By Teachers, For Teachers
School anxiety can start as early as kindergarten.
Students are excited and eager to start school, and with that come nerves and anxiety. These feelings are all considered “normal” by educational psychologists and doctors.
But what about the students that are having anxiety because of the new standardized testing that is aligned with the common core? Are these test anxiety feelings considered “normal?”
With the release of the common core standards and test scores, an increasing number of parents are reporting their children are feeling frustrated and suffering from test anxiety. Whether or not you agree or disagree with the standards, it is a fact that children as young as in elementary school have reported feeling anxious and stressed out due to the new testing. So what can teachers do to help these students feel less anxious about school and testing? Here are a few ways you can help.
Provide Activities that Distract
Be aware of what a child with anxiety looks like. According to the Anxiety and Depression Association of America, children who have anxiety are irritable, tired, have headaches, refuse to go to school, have separation anxiety, and may be defiant. If you notice a child who is exuding any of these symptoms try and provide this child with an activity to distract them. Allow them to read a book, listen to quiet music, or any other calming activity to help alleviate any of the physical symptoms. Once they feel better than they can return to normal class activities.
Create a “Safe” or “Quiet” Place for the Student
When anxiety is high, allow the student to go to their “safe” place. This may be the nurse’s office, or any other classroom that you may choose. Make sure that you establish the rule that the student must come to you first, and tell you that they are having a “moment” and need to go to their quiet place to calm down.
Incorporate Exercise and Hands-on Activities
There has been plenty of research on how exercise reduces stress and anxiety. Even something as little as having students get up and stretch after each activity is said to reduce stress levels. In addition to implementing exercise breaks throughout the school day, try providing hands-on activities as well. By doing so, an anxious child will feel less stressed and it will help distract them from how they are feeling.
Teach Relaxation Techniques
It is normal for students to feel some sort of anxiety before a test. To help students relieve some of this anxiety, teach them a few stress-reduction techniques. For example, have students take a couple deep breaths and encourage them to breath out their tension. Or, have students close their eyes and visualize they are taking a test. Encourage students to imagine themselves doing well on the test and teach students to control their negative thoughts into positive ones. Another technique is to have students meditate for a few moments before a test. Have them sit still and imagine they are in a comfortable, relaxing place. Tell students to remember this place each time they need a break, or are feeling anxious.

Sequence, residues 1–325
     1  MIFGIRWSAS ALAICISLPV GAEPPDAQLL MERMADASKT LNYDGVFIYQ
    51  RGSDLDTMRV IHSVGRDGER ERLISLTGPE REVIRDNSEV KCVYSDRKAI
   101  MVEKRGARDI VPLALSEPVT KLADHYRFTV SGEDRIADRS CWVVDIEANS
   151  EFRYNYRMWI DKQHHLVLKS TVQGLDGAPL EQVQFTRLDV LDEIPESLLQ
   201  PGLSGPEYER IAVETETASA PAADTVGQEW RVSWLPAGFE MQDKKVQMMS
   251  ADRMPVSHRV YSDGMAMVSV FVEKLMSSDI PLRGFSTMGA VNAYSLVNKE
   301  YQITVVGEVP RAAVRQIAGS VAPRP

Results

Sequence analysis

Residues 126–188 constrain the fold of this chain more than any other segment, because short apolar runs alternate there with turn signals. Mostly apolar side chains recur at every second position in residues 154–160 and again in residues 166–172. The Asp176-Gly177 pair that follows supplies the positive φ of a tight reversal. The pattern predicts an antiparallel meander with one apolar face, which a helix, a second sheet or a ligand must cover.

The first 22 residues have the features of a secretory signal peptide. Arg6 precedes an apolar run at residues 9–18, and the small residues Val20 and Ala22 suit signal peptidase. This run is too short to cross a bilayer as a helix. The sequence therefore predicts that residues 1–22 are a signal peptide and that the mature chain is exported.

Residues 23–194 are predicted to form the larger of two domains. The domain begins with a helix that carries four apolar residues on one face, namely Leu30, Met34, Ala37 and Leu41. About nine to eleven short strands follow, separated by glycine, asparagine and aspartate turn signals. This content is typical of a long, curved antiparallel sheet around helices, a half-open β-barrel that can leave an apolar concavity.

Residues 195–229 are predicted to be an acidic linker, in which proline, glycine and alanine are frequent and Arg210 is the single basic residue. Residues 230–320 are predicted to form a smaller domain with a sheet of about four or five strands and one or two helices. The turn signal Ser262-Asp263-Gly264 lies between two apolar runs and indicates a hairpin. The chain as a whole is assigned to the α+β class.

Discuss Interventions that would be Helpful
Talk to the student and ask them what are some ways they think would help them feel less anxious. Together come up with a few strategies that you can implement each time they are anxious. For younger students, encourage them to talk about or draw their feelings to release and reduce their anxiety symptoms.
Decrease Stressful Situations
Decrease any and all situations that induce stress for the anxious child. If a child is anxious that they will be the last person to finish their test, then allow this child to take the test alone in a room where they will not be distracted. If a child is anxious to put on a presentation in front of their peers, then find a creative way that the child can present the information to the class, such as videotaping their presentation and playing it for the class.
Read Books that Show the Child They are not Alone
There are plenty of children’s books that can help a child with anxiety feel better and like they are not alone. These books can also help the students’ peers understand why he/she feels the way they do. Books such as “Sometimes I’m Scared” by Nemiroff and Jane Annunziata or “The Little Bear That Worried to Much: Suzie Bear and the Social Studies Test” by Jacqueline Cook are a great way for students to see that they are not the only ones feeling this way.
Anxiety is a common health concern and, according to studies, 10 percent of children have it. If you notice one of your students may have anxiety, make sure to communicate your concerns with the students’ parents and school counselor. Together you can make a difference that can reduce the students’ symptoms and make them feel more comfortable.
Do you have any students who display anxiety in your classroom? How do you handle it? Please share with us in the comment section below.
Janelle Cox is an education writer who uses her experience and knowledge to provide creative and original writing in the field of education. Janelle holds a Master's of Science in Education from the State University of New York College at Buffalo. She is also the Elementary Education Expert for About.com, as well as a contributing writer to TeachHUB.com and TeachHUB Magazine. You can follow her at Twitter @Empoweringk6ed, or on Facebook at Empowering K6 Educators.